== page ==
Including the User Name Info in the Conversion Pattern of Log4Net on ASP.NET Core

If you have ever used %username in the conversion pattern of the log4net configuration on your ASP.NET Core application, you would noticed that you wouldn’t get the correct logged in user. Based on the documentation, there are quite a number of pattern converters that are not yet supported in ASP.NET Core.

Thus, in order for us to output the currently logged in user, we need to write custom code and the best option we have is to create a custom PatternLayoutConverter. The implementation of your PatternLayoutConverter depends on how you store the information of your authenticated user. This article assumes your are using ClaimsIdentity to authenticate the users of your application.

Normally, when you define your claims, your would include the Name and/or NameIdentifier claims:

private async Task Login(string username, string password)
    // code to validate the identity of the user
    var claims = new List<Claim>
        new Claim(ClaimTypes.Name, username),
        new Claim(ClaimTypes.NameIdentifier, username),
        // other claims here...
    var claimsIdentity = new ClaimsIdentity(claims, CookieAuthenticationDefaults.AuthenticationScheme);
    await HttpContext.SignInAsync(CookieAuthenticationDefaults.AuthenticationScheme, new ClaimsPrincipal(claimsIdentity));

Then, let’s extend a PatternLayoutConverter for us to get the Name or NameIdentifier claims (depending on which claim you store in your ClaimsIdentity):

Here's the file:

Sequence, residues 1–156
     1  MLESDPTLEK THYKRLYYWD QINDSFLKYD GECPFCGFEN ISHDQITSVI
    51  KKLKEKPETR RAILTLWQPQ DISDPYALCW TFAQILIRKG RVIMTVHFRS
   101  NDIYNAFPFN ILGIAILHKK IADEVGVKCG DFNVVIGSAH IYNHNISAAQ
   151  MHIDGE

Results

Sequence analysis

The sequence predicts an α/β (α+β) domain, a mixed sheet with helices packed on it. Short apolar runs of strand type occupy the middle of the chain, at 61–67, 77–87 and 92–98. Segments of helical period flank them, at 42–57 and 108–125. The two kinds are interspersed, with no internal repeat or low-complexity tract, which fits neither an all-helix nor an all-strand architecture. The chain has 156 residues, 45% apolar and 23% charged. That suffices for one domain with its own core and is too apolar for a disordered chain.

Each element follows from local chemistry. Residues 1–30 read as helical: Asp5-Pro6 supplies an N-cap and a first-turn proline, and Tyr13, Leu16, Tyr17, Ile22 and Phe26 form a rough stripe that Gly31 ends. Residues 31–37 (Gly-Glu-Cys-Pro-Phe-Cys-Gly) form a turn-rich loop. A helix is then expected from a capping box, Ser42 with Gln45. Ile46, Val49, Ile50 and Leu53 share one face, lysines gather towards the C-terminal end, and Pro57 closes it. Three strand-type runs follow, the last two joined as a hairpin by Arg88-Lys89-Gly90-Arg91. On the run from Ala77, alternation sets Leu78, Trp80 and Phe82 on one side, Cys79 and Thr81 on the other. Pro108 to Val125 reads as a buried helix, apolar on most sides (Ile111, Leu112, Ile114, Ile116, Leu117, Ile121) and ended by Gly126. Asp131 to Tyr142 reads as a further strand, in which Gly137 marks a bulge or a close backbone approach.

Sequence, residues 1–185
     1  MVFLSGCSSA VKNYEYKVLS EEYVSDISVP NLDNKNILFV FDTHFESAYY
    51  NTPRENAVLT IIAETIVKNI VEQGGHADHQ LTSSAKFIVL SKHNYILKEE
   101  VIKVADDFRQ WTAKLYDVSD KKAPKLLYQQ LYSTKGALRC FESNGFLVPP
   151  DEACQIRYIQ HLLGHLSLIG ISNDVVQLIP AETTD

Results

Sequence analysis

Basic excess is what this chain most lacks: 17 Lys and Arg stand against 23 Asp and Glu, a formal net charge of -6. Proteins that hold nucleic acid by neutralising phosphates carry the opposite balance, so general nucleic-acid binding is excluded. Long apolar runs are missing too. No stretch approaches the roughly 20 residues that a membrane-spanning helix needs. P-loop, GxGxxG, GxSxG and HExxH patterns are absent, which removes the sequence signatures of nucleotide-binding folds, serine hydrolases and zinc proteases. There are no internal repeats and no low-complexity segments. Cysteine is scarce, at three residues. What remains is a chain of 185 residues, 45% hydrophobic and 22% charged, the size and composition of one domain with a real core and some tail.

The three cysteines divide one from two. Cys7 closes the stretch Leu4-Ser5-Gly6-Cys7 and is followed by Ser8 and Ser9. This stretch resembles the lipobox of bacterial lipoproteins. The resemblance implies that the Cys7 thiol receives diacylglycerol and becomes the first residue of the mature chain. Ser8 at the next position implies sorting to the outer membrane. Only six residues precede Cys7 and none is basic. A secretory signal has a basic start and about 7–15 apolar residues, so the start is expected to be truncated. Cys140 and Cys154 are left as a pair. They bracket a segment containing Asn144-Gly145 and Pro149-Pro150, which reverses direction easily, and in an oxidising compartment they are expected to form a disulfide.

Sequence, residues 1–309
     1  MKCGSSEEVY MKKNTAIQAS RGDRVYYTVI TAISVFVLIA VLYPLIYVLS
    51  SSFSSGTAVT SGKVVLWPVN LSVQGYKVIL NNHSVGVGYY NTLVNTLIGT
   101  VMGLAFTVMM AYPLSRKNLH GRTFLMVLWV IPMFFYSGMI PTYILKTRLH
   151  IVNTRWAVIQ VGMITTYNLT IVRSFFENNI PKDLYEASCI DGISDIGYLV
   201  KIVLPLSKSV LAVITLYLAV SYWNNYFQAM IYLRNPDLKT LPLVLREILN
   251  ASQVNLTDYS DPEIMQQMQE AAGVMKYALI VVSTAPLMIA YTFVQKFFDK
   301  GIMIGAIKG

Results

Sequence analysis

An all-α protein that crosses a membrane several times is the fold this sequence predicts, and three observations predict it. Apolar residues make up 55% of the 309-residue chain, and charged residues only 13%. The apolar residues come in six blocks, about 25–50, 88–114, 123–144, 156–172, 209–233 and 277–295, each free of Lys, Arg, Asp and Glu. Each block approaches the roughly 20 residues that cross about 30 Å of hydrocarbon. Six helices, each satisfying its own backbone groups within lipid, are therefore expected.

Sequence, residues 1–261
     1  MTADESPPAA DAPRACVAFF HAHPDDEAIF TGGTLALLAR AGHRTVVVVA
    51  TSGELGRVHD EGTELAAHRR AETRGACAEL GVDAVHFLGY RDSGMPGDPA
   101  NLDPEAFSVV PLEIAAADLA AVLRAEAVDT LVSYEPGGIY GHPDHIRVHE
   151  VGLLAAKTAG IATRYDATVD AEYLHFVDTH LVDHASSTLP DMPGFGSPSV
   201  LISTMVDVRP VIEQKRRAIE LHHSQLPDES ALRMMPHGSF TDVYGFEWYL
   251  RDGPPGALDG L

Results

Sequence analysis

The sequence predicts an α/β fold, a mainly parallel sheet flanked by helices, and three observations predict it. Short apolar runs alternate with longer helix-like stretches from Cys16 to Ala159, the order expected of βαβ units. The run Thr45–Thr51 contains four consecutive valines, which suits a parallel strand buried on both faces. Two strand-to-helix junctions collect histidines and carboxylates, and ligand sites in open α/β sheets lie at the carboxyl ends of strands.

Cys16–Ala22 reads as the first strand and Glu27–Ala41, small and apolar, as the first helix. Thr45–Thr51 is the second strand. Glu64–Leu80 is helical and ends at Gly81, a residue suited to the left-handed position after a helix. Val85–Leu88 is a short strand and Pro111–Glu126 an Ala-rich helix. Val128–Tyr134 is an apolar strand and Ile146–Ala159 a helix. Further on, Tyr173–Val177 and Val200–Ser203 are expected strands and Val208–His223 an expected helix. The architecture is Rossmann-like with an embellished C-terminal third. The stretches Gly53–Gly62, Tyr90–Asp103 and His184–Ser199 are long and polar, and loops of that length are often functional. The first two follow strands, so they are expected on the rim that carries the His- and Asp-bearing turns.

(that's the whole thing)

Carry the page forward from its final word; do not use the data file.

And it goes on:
public class HttpContextUserPatternConverter : PatternLayoutConverter
    protected override void Convert(TextWriter writer, LoggingEvent loggingEvent)
        string name = String.Empty;
        var nameClaim = HttpContextHelper.Current.User.FindFirst(ClaimTypes.NameIdentifier);
        name = (null != nameClaim && !String.IsNullOrWhiteSpace(nameClaim.Value)) ? nameClaim.Value : "Guest";

Take note that our PatternLayoutConverter class is independent of the ASP.NET Core Web Application. This means that the current HTTP context is unknown to log4net. Thus, we have the HttpContextHelper class in order for us to get the instance of the current HTTP context.

public static class HttpContextHelper
    private static IHttpContextAccessor httpContextAccessor;

    public static void Configure(IHttpContextAccessor httpContextAccessor)
        HttpContextHelper.httpContextAccessor = httpContextAccessor;

    public static HttpContext Current
            return httpContextAccessor.HttpContext;

In your Startup.cs, we need to set or configure the HttpContextAccessor since this would be responsible for knowing the context per user accessing the application:

public void ConfigureServices(IServiceCollection services)
    services.AddSingleton<IHttpContextAccessor, HttpContextAccessor>();

    // more code here...

public void Configure(IApplicationBuilder app, IHostingEnvironment env)
    // more code here...

Finally, in your log4net configuration, define the pattern converter in the converter section of the layout element:

<?xml version="1.0" encoding="utf-8" ?>
<log4net debug="true">
	<appender name="RollingLogFileAppender" type="log4net.Appender.RollingFileAppender">
		<file value="Logs/Test.log" />
		<appendToFile value="true" />
		<rollingStyle value="Size" />
		<maxSizeRollBackups value="10" />
		<maximumFileSize value="10MB" />
		<staticLogFileName value="true" />
		<lockingModel type="log4net.Appender.FileAppender+MinimalLock" />
		<layout type="log4net.Layout.PatternLayout">
				<name value="httpuser" />
				<type value="HelloWorld.Web.Logging.HttpContextUserPatternConverter, HelloWorld.Web" />
			<!-- Format is [date/time] [log level] [thread] [UserName=?] message-->
			<conversionPattern value="[%date] [%level] [%thread] [UserName=%httpuser] %m%n" />

		<level value="ALL" />
		<appender-ref ref="RollingLogFileAppender" />

You would see that we define httpuser as the alias of our custom converter for us to refer in our conversion pattern. Run the application and you would see logging of the logged in user in action: